‘High-risk’ image won’t help Indonesia, says Mega

With not much good news to report, she says economic recovery and regaining investor confidence are top priorities

Indonesia needs to shed its “high-risk” image for economic recovery to take root, President Megawati Sukarnoputri said yesterday as she vowed to crack down on attempts to undermine national stability.

Addressing the annual session of the People’s Consultative Assembly (MPR), the country’s highest legislative body, she painted a gloomy picture of a cash-strapped Indonesian economy struggling against a backdrop of domestic security concerns.

Restoring the economy was the top priority for the 54-year-old leader. She said: “Economic recovery is the most critical …it will carry a positive impact on many other problems in the country … But I have to admit that there has not been much good news that I can report … ”

Bad news there were aplenty, which in turn caused a slide in the rupiah to 10,600 against the US dollar.

While seeking to reassure Indonesia’s donors that her government would honour all its foreign debt obligations, Ms Megawati made clear that the task would be difficult.

She pointed out that Jakarta’s ability to repay its US$140-billion (S$256-billion) debt burden was being stretched to “dangerous levels” while the government’s already thin spending might have to be cut even more.

She said privatisation programmes also had to proceed “very carefully”, which signalled more delays in the government’s stalled campaign to sell off state assets to finance the budget.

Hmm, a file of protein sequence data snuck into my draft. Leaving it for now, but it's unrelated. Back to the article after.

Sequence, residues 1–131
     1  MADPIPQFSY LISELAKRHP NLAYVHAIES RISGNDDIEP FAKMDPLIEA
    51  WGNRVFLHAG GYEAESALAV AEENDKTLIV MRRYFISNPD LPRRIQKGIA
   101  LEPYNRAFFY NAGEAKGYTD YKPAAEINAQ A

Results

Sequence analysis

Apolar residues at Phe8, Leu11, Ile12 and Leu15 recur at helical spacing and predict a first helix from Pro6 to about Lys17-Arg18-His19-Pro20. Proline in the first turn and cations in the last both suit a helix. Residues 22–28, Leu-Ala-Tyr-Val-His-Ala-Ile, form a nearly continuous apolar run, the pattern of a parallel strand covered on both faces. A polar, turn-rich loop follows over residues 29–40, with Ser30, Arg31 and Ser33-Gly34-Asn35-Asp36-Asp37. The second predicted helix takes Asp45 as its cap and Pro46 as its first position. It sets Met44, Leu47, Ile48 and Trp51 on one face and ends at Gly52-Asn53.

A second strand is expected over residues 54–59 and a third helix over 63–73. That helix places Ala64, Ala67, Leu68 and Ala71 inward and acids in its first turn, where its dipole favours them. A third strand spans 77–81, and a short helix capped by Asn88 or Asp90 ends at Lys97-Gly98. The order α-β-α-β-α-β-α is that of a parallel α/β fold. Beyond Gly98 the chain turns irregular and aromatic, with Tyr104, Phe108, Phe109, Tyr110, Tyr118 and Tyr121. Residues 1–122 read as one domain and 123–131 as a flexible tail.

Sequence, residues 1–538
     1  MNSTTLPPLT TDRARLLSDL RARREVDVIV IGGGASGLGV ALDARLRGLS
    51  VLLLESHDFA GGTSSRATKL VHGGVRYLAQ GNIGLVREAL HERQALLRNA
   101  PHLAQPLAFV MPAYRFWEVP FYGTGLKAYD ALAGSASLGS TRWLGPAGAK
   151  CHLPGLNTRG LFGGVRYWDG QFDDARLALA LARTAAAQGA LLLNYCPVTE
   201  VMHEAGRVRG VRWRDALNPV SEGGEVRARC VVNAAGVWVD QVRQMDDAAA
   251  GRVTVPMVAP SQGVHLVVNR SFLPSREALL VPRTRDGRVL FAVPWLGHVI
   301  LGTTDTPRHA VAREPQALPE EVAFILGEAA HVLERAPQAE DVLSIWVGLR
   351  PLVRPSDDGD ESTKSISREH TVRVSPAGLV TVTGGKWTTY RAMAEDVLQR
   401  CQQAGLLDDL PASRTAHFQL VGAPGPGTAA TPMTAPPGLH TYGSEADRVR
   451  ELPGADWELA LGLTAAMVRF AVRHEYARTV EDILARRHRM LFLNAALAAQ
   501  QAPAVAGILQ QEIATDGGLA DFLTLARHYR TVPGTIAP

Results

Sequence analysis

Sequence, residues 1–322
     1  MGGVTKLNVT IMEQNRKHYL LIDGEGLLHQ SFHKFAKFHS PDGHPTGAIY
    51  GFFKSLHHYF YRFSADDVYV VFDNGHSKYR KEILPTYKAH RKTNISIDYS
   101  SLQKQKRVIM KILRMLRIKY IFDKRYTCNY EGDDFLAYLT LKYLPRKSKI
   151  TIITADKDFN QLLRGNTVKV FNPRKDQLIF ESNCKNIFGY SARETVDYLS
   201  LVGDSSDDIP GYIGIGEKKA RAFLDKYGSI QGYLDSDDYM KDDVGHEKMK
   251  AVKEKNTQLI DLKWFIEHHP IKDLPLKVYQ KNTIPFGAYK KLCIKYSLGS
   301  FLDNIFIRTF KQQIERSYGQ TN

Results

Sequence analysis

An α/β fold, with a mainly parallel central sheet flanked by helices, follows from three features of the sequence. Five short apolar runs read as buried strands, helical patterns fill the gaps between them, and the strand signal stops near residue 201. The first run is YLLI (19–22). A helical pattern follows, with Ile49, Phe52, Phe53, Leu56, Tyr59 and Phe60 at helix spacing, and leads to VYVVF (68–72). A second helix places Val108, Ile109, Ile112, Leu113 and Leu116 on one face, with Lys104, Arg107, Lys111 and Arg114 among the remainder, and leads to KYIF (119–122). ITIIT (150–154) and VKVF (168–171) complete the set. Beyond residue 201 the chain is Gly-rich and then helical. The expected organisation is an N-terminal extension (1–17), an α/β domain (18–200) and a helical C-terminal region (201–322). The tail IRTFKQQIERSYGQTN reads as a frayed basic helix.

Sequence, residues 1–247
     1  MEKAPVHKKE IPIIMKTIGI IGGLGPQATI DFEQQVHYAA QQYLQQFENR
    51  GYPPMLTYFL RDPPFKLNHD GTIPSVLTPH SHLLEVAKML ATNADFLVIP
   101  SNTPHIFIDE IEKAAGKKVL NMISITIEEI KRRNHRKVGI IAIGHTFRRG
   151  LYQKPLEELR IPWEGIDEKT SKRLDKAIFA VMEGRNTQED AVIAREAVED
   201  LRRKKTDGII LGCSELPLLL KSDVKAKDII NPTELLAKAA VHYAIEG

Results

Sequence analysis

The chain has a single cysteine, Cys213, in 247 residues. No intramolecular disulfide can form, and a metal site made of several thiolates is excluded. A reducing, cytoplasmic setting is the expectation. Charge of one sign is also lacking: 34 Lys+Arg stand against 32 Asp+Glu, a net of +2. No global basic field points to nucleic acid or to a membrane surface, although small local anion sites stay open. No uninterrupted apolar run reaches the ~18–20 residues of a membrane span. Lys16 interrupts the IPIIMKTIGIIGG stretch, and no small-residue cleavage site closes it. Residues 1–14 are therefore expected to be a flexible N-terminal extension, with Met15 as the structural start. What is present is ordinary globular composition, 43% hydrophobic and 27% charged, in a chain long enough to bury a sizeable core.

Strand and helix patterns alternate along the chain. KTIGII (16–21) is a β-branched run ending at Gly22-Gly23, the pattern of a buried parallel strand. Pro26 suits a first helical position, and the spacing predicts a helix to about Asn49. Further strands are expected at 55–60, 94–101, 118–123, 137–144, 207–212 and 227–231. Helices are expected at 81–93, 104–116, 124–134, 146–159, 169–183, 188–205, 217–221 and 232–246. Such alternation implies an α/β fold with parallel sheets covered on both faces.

The government had hoped initially to raise 6.5 trillion rupiah (S$1.13 billion) from privatisation and 27 trillion rupiah from asset sales, but the targets have been cast in doubt by external events.

Ms Megawati noted that the Sept 11 terrorist attacks in the United States had created the threat of a world economic recession that could do further damage to Indonesia’s recovery efforts.

But a more pressing concern for her was political and social stability at home – the only way to entice foreign investors back into the country.

She noted that problems arising from anti-US protest over the attacks on Afghanistan had harmed the industrial and tourist sectors.

For the “sake of larger national interests”, she warned that the government would not tolerate separatism and would take firm action against riots and mass unrest.

Drawing in more foreign investors also required consistent economic policies, she said, reflecting concerns that many businessmen faced conflicting regulations and levies in the provinces since Indonesia’s regional autonomy law came into effect last year.

Economics figured significantly in the President’s report to the 700-member national assembly, but the next nine days of the session is likely to be dominated by political issues and bickering among different factions.

Apart from the proposal for direct presidential elections, the MPR is expected to debate other amendments to the 1945 Constitution.

Several Muslim parties are also pushing for the Islamic syariah law, opposed by the government and Indonesia’s two largest Muslim organisations.

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